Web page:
Mixing the Hard and the Soft

Posted by: on Dec 21, 2011 | 7 Comments

Usually when talking about hard and soft dressing, I’m talking about tailoring styles.  Here I’m not.  There are two types of garments, hard and soft, and striking a balance will go a long way to making you well dressed.

Broadly speaking, we can divide everything in our closets and dressing boxes into two categories: hard and soft.  Hard garments are things like crisp white shirts, polished calf shoes, and any metal jewelry.  The soft stuff is easier to figure out – flannels, oxford shirts, challis ties, and pretty much anything you find yourself wanting to touch all day.

If you wear too much of the soft stuff you just end up looking sloppy.  Wrinkles and drape are good things, but in excess they go from looking effortless to looking slovenly.  There are exceptions, like putting a tweed jacket, rumpled oxford shirt, wool tie, flannel trousers, and suede shoes together.  But you had better know what you’re doing or you’ll look like a freshman circa 1960 who can’t find his 9am lecture.  Christian Chensvold of Ivy Style knows how to do prep without the shlep.

Pulling off the all-hard look is easier, but I think less elegant.  Worsted suit, precisely-ironed white shirt, sharp twill tie, and gleaming brogues.  Cufflinks catching the light at every opportunity.  It seems so formulaic and conventional if over-done.  Again, I’ll give myself an out, saying that a few city-centric gents I know look more dashing than boring when dressed this way, but they’re the exceptions not the rules.  Most live in London.

The best strategy for most of us is to mix the two.  There are the basics – soft jacket, crisp shirt.  And there are the more quirky combinations – flannel trousers, glossy alligator belt.  I’m writing this in a pair of grey flannel trousers and a cashmere v-neck sweater; only my white broadcloth shirt is keeping me from looking like a giant fuzz-ball.

If you’re prone to dressing one way, punctuate it elements of the other.  I for one tend to dress softly, so using a pressed, double-cuff shirt with metal links as a base for an Ancient Madder tie, wool/silk pocket square, and brown suede loafers keeps me in balance.  If you’re inclined the other way, using accessories like softer ties, pochettes, and knits to balance your more foundational pieces is an easy way to tip the scales back the other way without investing in anything huge.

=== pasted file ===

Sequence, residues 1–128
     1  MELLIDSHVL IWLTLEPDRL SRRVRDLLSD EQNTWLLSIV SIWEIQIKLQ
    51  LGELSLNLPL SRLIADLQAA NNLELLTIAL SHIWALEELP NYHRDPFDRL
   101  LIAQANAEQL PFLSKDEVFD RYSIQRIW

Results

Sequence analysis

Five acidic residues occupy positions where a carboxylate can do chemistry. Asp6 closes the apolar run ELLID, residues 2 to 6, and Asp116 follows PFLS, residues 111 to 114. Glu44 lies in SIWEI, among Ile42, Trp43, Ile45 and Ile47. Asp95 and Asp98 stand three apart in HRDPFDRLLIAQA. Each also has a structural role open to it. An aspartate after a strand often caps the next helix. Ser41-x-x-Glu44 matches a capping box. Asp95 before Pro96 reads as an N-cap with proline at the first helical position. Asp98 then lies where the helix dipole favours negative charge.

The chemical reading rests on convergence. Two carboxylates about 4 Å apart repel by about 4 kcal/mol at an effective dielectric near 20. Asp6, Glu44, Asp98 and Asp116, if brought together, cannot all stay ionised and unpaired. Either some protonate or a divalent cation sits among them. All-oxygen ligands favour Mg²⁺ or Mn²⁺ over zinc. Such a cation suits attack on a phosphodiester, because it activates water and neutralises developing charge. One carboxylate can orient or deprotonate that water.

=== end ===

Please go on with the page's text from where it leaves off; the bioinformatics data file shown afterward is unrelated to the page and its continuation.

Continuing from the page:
This isn’t a commandment or a rule.  Just the recommendation that a little balance goes a long way.

Photographs Courtesy of Rose Callahan at Dandy Portraits.



  1. Derek Guy
    December 21, 2011

    Articles like this is why SR is easily one of my top three favorite menswear sites. Well done.

  2. valentine
    December 21, 2011

    Once again, you have spoken to women, as well as men. Thank you!

  3. gentleman
    December 21, 2011

    Stephen, you make an interesting point here. I am not sure, I would fully agree but we can discuss that in person soon.

  4. F.E. Castleberry
    December 23, 2011

    Very solid points and certainly something to certainly consider when getting dressed each morning.

  5. Grant Harris
    December 25, 2011

    Great points here. I know I’m a cub amongst lions, but I think this is similar to the high-low contrast argument, where two different types of styles or dress are tossed together. Like Agnelli wearing a gray flannel suit and combat boots, or Wooster wearing a DB and shorts.

    Personally, I prefer the softer side of dressing, but the rough is a necessary evil. Mastering both is the joy of the journey. Keep up the great writing.

  6. Roger C.
    January 4, 2012

    I tend to be a very soft dresser, but I have found that grenadine ties are particularly effective to set off a tweed or flannel jacket/suit.

    I work in academia, so I guess a dislike of the overly slick comes with the job, and the hard worsted suit/bling silk tie look doesn’t work for me at all.

  7. Yossef
    January 4, 2012

    Interesting, Roger. I wouldn’t expect academia to wholly embrace the hard and come out with an overly slick look. Then again, I’m not in academia, so I don’t see the inside.

    The more you know.


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